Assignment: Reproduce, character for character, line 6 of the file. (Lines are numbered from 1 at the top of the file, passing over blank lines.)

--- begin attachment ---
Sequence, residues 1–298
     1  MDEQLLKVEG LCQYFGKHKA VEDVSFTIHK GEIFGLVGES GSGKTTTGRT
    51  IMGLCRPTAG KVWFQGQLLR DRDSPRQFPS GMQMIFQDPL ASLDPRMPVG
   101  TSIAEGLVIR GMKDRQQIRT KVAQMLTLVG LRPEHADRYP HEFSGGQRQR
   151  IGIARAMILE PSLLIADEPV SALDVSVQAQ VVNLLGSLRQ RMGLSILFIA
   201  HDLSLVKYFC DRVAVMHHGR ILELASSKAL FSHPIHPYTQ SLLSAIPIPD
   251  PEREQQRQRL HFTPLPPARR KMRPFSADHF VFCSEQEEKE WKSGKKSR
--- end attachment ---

   201  HDLSLVKYFC DRVAVMHHGR ILELASSKAL FSHPIHPYTQ SLLSAIPIPD